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Department ofBiology


Dylan Lawton working in the Fuller Lab

Dylan Lawton working in the Fuller Lab

Combating Drug-Resistant Bacteria

De Novo Fellow Dylan Lawton ‘20 contributes to the search for a more effective treatment of microbial infections.

De Novo Fellow Dylan Lawton ‘20 contributes to the search for a more effective treatment of microbial infections.

By Ally O'Connor '20

Following his kindergarten aspiration to become a physician, Dylan Lawton ‘20 (Biology) was awarded a De Novo Fellowship at the end of the 2018–19 academic year, and spent this past summer working on his project “Solid-Phase Synthesis Dipeptides as Antimicrobial Agents Against Pseudomonas Aeruginosa Infections.”  Lawton, who has chased the goal of practicing medicine since he was young, devoted these months to studying possible new treatments for this Pseudomonas Aeruginosa bacterium with the help of his faculty mentor, Amelia Fuller (Chemistry & Biochemistry). 

“There is an ongoing need to develop new medications to combat microbial infections, such as pathogens, [that] evolve resistance to existing treatments,” Lawton explains. The specific bacterium he is studying, Pseudomonas Aeruginosa, is a gram-negative bacterium that can cause infections such as cystic fibrosis.  Because this particular bacterium has acquired resistance to many of today’s treatments, he notes, infections caused by it are extremely difficult to treat.  

In response to this challenge, Lawton and Fuller collaborated with Indiana University–Purdue University Indianapolis to “generate and evaluate new molecules as candidate antimicrobial agents through the D3 Project, which stands for the Distributed Drug Discovery Project,” he says.  Excitingly, the team’s findings will hopefully be presented at the 32nd Annual Northern California Undergraduate Research Symposium next year.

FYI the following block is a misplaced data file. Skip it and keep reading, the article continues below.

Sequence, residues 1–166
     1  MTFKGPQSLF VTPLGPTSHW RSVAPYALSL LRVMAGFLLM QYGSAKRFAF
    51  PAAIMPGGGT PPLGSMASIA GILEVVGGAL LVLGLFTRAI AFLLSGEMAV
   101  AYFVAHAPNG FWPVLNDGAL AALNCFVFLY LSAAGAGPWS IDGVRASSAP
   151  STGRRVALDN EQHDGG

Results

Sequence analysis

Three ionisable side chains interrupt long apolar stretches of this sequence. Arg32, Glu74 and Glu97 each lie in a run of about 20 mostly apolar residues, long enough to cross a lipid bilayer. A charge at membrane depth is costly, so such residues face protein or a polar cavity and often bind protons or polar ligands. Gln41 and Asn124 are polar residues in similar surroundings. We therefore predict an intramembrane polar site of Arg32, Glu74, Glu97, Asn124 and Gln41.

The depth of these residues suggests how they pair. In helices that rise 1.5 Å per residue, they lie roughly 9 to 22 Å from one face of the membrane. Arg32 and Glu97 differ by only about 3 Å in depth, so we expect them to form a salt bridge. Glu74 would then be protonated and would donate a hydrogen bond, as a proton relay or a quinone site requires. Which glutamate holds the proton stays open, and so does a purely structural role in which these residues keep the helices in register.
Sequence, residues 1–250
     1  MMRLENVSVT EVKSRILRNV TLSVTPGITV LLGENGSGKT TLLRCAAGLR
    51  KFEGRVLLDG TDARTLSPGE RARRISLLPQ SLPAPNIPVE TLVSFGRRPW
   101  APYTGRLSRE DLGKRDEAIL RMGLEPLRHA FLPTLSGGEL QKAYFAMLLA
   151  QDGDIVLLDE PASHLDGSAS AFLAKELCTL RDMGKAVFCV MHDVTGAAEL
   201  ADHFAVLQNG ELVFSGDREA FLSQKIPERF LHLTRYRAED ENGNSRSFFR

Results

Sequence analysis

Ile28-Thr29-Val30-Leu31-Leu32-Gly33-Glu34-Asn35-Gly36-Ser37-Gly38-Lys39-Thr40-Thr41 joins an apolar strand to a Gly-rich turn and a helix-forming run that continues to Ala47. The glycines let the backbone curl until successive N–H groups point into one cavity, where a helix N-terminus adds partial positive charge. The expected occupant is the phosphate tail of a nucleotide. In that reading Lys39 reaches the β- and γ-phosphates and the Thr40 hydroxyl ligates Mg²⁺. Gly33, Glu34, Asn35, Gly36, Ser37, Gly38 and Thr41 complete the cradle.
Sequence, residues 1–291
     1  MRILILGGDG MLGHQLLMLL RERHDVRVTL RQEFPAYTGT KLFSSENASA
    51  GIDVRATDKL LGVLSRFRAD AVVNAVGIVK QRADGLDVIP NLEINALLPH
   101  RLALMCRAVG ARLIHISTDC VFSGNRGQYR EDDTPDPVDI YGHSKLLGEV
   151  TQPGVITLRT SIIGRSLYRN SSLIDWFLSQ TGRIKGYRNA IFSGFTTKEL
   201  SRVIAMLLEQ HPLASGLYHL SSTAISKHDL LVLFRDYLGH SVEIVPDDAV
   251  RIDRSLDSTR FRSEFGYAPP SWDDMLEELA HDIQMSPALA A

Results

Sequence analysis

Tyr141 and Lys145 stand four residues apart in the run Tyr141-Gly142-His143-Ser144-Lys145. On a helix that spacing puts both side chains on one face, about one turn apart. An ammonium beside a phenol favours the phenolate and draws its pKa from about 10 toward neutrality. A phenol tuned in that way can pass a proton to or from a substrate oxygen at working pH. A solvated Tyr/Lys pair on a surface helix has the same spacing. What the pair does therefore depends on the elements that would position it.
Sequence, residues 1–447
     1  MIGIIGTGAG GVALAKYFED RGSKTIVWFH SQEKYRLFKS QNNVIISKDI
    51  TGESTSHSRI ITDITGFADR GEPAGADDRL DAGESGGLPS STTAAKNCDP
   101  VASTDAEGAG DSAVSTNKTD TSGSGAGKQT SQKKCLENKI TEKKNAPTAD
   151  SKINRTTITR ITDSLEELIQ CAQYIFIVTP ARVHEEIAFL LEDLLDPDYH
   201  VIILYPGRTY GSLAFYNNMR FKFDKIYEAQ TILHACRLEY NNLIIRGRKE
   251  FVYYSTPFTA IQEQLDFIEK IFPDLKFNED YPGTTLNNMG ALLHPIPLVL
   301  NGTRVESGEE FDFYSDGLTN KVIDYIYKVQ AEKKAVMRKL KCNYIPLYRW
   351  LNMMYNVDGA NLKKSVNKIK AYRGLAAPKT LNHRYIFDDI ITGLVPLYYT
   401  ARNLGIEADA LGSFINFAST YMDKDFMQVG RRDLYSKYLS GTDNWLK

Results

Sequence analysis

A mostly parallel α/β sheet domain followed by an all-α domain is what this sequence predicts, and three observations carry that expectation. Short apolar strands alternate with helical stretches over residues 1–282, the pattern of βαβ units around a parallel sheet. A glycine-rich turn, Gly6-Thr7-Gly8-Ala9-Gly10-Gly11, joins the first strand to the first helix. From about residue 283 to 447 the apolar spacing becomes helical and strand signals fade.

Intentionally focusing on broadening representation of students in STEM by funding student research, the De Novo Fellowship appealed to Lawton. “Coming from the diverse, multicultural environment of Hawai’i,” he says, “I saw the De Novo Fellowship as a perfect match to my ideals, background, and identity as a diverse SCU student.”  

Looking into the future, Lawton has maintained that goal he created in kindergarten and hopes to apply to medical school following his graduation from SCU.  While he is still undecided as to what specialty he aims to pursue, Lawon shares that he “would ultimately want to return home to Hawai’i and practice medicine there, where I would be able to serve and give back to the diverse, multicultural community that has molded me into the person I am today.”


About the De Novo Fellowships
A collaboration between the College of Arts and Sciences and the School of Engineering, the De Novo program awards research fellowships to outstanding students from underrepresented groups in STEM. Fellowships provide a $5,000 stipend for up to 10 weeks of full-time research, plus up to $750 for conference expenses to present their research during the following academic year.


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